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Arc Length Problem

  1. Oct 15, 2009 #1
    Hey guys,

    Got a bit of a problem with a question I found in a text book. I can do most of it but theres one little part I'm really struggling with:

    A curve C is given parametrically by:
    x=t-tanht, y=secht, t[tex]\geq0[/tex]​

    The length of arc C measured from the point (0,1) to a general point with parameter t is s. Find s in terms of t and deduce that, for any point on the curve, y=e-s.


    I'm happy finding that the arc length is defined as [tex]\int (tanht)dt[/tex] between the limits of 0 and s, and i evaluate this integral to be ln(coshs) however after this I am stumped; I am having great trouble getting to y=e-s.


    Can anyone please help me out?


    Oscar
     
    Last edited: Oct 15, 2009
  2. jcsd
  3. Oct 15, 2009 #2

    LCKurtz

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    Perhaps you have misunderstood or mis-quoted the problem. Your work looks correct but the reason you can't get to y = e-s is the two aren't equal, as trying s = 0 will show.
     
  4. Oct 15, 2009 #3
    It is a past examination question and I quoted it word for word from what is in my text book. I've doubled checked it and what I have written is definitely what is written down here... so unless there is a typo in the textbook I really don't know what is going on :S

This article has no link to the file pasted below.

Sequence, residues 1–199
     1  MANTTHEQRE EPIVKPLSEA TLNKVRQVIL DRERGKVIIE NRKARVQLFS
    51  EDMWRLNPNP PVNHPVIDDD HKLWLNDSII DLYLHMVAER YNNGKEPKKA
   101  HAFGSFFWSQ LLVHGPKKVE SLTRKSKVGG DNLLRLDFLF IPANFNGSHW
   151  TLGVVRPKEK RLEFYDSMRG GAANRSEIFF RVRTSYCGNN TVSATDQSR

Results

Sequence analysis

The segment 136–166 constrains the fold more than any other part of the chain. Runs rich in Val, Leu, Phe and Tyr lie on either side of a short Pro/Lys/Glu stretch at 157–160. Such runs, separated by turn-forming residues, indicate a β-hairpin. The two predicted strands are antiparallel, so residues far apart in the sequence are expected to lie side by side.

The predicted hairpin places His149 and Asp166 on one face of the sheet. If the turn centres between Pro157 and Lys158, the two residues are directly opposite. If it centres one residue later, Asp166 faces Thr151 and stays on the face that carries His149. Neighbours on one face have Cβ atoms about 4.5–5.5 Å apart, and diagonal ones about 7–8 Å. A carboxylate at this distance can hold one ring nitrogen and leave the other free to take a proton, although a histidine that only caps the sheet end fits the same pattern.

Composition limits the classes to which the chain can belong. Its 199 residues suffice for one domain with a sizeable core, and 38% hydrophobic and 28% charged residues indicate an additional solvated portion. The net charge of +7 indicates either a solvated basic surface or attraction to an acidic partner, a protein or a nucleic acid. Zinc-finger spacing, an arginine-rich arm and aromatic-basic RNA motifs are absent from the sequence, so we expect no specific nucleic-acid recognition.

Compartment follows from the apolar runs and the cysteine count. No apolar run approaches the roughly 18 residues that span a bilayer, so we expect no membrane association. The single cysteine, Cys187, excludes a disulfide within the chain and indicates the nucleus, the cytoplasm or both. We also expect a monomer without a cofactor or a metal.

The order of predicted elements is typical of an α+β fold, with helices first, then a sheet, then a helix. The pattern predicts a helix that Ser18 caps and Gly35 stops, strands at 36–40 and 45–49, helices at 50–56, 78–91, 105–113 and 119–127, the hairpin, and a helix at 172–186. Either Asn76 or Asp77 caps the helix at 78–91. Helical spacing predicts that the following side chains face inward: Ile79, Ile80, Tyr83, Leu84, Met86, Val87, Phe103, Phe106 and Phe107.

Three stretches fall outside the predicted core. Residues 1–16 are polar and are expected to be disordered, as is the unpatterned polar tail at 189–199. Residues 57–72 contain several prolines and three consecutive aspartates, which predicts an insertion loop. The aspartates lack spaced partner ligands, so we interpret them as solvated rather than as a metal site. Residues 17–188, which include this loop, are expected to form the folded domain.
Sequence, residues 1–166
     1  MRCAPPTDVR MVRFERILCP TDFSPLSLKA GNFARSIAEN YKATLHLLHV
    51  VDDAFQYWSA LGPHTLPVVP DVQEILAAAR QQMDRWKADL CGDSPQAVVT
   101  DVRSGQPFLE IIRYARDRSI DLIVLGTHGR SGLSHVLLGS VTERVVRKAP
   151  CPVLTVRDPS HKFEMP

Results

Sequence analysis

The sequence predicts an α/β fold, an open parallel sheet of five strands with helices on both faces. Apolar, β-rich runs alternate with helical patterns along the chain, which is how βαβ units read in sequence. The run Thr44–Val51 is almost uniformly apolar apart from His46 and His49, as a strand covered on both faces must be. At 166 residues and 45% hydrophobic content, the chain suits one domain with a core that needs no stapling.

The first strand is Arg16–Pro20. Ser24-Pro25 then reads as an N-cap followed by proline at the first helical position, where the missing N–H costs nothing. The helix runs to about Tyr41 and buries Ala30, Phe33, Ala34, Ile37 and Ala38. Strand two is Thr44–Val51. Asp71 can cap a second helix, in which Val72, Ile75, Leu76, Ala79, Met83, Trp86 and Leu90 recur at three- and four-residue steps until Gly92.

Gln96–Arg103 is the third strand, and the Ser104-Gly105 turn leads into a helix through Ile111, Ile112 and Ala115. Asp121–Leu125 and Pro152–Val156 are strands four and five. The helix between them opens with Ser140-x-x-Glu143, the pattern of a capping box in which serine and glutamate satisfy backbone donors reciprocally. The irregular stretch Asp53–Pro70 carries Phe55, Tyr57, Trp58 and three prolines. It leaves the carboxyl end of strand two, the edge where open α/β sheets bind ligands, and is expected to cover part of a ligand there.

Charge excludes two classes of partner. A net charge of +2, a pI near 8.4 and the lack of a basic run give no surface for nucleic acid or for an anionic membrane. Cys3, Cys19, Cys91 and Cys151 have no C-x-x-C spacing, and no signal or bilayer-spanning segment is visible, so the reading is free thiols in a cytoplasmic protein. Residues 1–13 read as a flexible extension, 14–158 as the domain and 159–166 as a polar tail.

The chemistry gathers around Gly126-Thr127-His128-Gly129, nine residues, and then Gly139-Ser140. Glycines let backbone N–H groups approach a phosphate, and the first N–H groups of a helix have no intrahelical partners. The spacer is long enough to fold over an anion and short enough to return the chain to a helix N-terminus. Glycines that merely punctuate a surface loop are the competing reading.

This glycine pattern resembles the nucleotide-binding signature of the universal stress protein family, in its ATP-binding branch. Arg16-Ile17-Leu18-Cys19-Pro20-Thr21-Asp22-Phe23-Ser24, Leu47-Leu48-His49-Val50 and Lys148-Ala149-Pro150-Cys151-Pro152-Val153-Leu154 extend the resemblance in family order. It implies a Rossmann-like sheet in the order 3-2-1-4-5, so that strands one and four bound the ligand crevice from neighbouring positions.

Thanks for the speedy reply,
    Oscar
     
  5. Oct 15, 2009 #4

    LCKurtz

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    On looking again, perhaps the difficulty is that the problem is asking for y in terms of s, apparently not what you have calculated.
     
  6. Oct 15, 2009 #5

    LCKurtz

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    In fact it's trivial from the equations y = sech(t) and s = ln(cosh(t)).
     
  7. Oct 15, 2009 #6
    Sorry if i'm being stupid here;

    Could you please tell me how you got s=ln(cosh(t))? I evaluated the integral as C=ln(cosh(s)), so I am confused as to how you made this step. I'm okay as to how you solved the problem from there on though :)


    Thank you for the help,
    Oscar
     
  8. Oct 15, 2009 #7

    LCKurtz

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    Your original integral was (or should have been)

    [tex] s(t) = \int_0^t tanh(u)\, du [/tex]
     
  9. Oct 15, 2009 #8
    Ahh i see my error, you were right in your first post, I have misread the question.

    I understand now.

    Thank you for your help :)
    Oscar
     
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